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Top three foods for dry skin
The humid days of summer are behind us, taking with them our moist, supple and soft skin.
Unlike summer, the winter winds have a tendency to dry out skin, leaving it irritated and chapped. Whacking up the central heating doesn't help either - in fact it only worsens the sorry condition.
Don't despair! As well as using a rich moisturiser and staying out of the cold as much as possible, there are some foods you can eat that could help return your skin to its pre-winter glory.
Foods rich in omega-3 are pretty much unbeatable when it comes to combating dryness.
The oily nature of omega-3 injects moisture back into the skin, as well as repairing any damage caused by the harsh winter weather.
If you're looking to boost your omega-3 levels then you could try eating fish such as salmon, mackerel and tuna.
Anything with vitamin E in it is going to do absolute wonders for your skin.
It improves skin elasticity, which helps to reduce the signs of ageing and will leave you looking radiant throughout the festive period.
Vitamin E is found in nuts and avocados, which are healthy sources of fats, and should not be avoided when trying to lower your calorie intake.
"We live in a 'fat-free world', obsessed with calories. As fat is stripped off our diets, our skin becomes thirsty for fat-soluble vitamins, such as vitamin A, D and E," says Miguel Toribio-Mateas, a leading nutritionist. People need the fatty layer which is given from vitamin E for soft, supple and glowing skin, so go get nutty!
Zinc is an important mineral to include in your diet, especially during the colder months.
It helps reduce inflammation, speeds up new cell growth and soothes sore skin - making it an all round winter wonder!
To introduce more zinc into your diet, you could chomp down on garlic, dark chocolate, pumpkin seeds, chickpeas and butternut squash (probably not together).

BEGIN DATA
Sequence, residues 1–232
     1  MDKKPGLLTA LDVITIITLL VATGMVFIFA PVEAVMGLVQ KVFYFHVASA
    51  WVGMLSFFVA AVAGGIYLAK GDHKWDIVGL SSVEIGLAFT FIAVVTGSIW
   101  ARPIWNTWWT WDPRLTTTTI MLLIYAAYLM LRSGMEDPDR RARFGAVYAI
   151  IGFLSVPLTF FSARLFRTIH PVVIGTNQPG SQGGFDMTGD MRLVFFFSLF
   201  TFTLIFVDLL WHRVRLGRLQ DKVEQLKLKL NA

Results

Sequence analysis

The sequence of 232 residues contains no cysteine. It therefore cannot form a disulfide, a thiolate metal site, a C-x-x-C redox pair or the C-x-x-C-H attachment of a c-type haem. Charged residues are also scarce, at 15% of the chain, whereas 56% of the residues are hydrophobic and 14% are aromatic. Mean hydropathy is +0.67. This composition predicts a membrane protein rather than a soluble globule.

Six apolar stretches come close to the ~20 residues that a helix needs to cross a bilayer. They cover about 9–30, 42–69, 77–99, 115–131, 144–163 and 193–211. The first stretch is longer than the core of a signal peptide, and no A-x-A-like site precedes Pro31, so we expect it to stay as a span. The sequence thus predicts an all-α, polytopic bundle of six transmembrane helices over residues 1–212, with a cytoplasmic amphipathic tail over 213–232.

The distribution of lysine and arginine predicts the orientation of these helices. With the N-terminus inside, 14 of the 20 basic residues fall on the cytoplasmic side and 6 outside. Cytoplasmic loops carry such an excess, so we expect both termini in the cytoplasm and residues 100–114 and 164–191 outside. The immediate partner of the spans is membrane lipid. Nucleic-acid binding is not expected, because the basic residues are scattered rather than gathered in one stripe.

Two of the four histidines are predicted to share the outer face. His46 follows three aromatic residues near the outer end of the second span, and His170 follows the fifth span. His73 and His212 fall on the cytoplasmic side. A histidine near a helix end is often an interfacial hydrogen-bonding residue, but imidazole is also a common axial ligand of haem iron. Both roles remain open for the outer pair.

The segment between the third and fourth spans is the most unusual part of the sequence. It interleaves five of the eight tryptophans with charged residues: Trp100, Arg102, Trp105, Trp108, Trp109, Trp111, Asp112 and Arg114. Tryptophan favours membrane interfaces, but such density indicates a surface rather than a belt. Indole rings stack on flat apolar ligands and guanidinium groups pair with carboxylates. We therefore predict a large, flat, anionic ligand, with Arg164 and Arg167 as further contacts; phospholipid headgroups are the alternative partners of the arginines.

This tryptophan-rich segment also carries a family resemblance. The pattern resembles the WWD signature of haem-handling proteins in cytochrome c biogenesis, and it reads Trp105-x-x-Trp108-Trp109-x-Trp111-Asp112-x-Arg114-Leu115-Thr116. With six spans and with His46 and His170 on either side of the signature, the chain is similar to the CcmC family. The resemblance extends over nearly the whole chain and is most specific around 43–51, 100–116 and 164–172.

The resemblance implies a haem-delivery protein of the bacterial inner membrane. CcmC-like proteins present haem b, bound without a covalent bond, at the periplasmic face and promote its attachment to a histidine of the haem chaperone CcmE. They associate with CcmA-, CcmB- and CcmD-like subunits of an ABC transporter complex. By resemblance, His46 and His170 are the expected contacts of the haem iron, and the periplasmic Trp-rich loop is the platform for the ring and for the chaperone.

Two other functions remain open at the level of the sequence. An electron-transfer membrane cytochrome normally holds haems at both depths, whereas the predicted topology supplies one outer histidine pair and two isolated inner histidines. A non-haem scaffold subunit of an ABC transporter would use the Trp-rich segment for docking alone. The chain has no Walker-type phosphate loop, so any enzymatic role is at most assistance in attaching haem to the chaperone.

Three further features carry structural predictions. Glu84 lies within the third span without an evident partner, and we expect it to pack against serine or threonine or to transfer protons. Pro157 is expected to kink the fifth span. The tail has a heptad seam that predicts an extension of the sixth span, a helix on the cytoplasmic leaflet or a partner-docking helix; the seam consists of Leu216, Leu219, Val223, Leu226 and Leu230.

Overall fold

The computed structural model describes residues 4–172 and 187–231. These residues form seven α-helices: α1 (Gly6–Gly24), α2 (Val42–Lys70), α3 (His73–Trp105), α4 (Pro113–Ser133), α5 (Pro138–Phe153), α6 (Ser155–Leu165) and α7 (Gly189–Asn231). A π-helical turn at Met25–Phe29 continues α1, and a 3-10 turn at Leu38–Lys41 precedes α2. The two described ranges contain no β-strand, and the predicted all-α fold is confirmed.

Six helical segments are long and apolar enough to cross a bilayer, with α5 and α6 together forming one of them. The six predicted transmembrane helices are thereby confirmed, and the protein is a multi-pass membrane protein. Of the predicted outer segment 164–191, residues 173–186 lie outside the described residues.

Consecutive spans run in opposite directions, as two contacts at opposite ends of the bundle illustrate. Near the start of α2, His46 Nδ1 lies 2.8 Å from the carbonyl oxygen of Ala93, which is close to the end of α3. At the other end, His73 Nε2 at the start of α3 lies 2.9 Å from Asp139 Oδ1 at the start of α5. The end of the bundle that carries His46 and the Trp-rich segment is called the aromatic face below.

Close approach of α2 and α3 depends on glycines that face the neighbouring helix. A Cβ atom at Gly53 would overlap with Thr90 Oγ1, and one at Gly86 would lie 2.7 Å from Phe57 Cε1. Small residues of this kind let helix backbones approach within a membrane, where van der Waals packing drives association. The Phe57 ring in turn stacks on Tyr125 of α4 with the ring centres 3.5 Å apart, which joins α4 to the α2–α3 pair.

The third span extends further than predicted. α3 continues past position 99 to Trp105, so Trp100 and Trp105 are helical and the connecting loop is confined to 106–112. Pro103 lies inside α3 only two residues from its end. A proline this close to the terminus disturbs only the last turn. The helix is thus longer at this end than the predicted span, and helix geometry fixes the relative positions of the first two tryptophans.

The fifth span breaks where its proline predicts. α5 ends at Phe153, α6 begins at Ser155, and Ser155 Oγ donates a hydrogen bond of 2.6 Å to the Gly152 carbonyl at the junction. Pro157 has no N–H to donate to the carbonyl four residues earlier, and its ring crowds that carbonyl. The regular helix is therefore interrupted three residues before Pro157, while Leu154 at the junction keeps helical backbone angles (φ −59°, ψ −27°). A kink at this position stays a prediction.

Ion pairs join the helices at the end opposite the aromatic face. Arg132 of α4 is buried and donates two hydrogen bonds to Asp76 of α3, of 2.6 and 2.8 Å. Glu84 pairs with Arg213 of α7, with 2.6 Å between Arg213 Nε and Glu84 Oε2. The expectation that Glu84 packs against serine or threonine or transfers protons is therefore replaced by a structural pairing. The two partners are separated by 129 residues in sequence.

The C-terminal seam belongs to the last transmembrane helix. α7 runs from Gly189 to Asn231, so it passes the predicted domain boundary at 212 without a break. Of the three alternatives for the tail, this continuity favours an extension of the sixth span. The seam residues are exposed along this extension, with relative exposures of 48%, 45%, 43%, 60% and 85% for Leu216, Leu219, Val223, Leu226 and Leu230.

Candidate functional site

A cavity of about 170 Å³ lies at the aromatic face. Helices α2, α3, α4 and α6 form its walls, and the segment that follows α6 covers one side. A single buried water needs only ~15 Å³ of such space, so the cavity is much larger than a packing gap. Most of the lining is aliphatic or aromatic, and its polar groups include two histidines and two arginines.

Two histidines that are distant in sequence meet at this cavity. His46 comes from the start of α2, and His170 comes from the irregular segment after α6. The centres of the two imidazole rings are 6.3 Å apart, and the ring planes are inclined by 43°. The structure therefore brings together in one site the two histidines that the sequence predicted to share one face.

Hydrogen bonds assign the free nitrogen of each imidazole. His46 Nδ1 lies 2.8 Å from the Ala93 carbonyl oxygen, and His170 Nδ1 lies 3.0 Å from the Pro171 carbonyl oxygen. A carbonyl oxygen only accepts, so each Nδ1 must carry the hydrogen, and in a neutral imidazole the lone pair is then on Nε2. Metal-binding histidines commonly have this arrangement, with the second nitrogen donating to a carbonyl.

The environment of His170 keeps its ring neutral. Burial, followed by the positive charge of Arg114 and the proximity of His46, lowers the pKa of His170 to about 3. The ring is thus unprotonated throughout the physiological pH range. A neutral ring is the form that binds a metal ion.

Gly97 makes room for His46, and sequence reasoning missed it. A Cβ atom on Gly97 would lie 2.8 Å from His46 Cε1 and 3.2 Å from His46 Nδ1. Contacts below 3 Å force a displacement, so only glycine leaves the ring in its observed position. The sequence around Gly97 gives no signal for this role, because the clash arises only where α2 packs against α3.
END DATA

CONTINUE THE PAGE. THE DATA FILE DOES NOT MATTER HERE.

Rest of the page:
Most of these foods are particularly seasonal, and could form the basis of many of your winter meals.
Posted by Matilda Jones
- Which is the best oil for hair growth and thickness?Thank you Emiliano for your comment. In this blog we are referring more to oils, more so than butters and while we agree with you Shea is an excellent emollient for hair, it's consistency is more buttery and it is used more as a leave-in remedy to smooth hair texture. We have suggested Coconut oil as it helps slow down hair loss by penetrating deep into your hair shaft to prevent protein loss, which in turn prevents breakage. When applied to your scalp, it simultaneously moisturises and removes build-up around your hair follicles to encourage hair growth and is one of base oils always used in Ayurveda for hair treatments. As this post is more focused for hair and not for skin, the comedogenic scale applies to skin/pores and not hair follicles. Thank you again for your feedback.
- Which is the best oil for hair growth and thickness?Hello Zu, yes hair loss can be very stressful and this in turn amplifies the cause almost.. Perhaps with Covid, your system may have been depleted of nutrients and fighting the virus can take its toll on your immune system, so sometimes our hair and skin suffer when we have been ill. We really believe in oils for scalp massage as the best way to revive the growth and help regenerate the follicles. It may be also worth at looking at internal supplements and making sure you are getting enough of omega oils, perhaps plant based such as nuts and seeds in your diet. For external oil treatment, would recommend the Really Good Hair oil which we create with Brahmi, this herb is known to help bring the scalp back to health and improve growth. Biotin is also a good vitamin to take as a supplement to help with hair growth so do look into that. So hope these tips will be helpful for you.
- Which is the best oil for hair growth and thickness?I, am very surprised that your article did not include Organic Shea Butter and that coconut oil, is your number one choice for hair growth and thickness. According to the comedogenic scale, coconut oil, has a rating of (4), on a scale from (0), to (5), on clogging your pores. Why would anyone put coconut oil, on their hair or skin knowing the pores will get clogged up. Shea Butter, on the other hand has a (0), rating on the comedogenic scale, which is great for dry hair and skin and won't clog up your pores.
- Which is the best oil for hair growth and thickness?Thank you for your very informative article. I suffered COVID in December, 2020, and in February I started experience extreme hair loss and all my hair jus falls like a person who is under going Chemo therapy. It's very depressing. Had to cut off all my hair and even the little that is left is falling off daily not sure what to do. Please suggest something.
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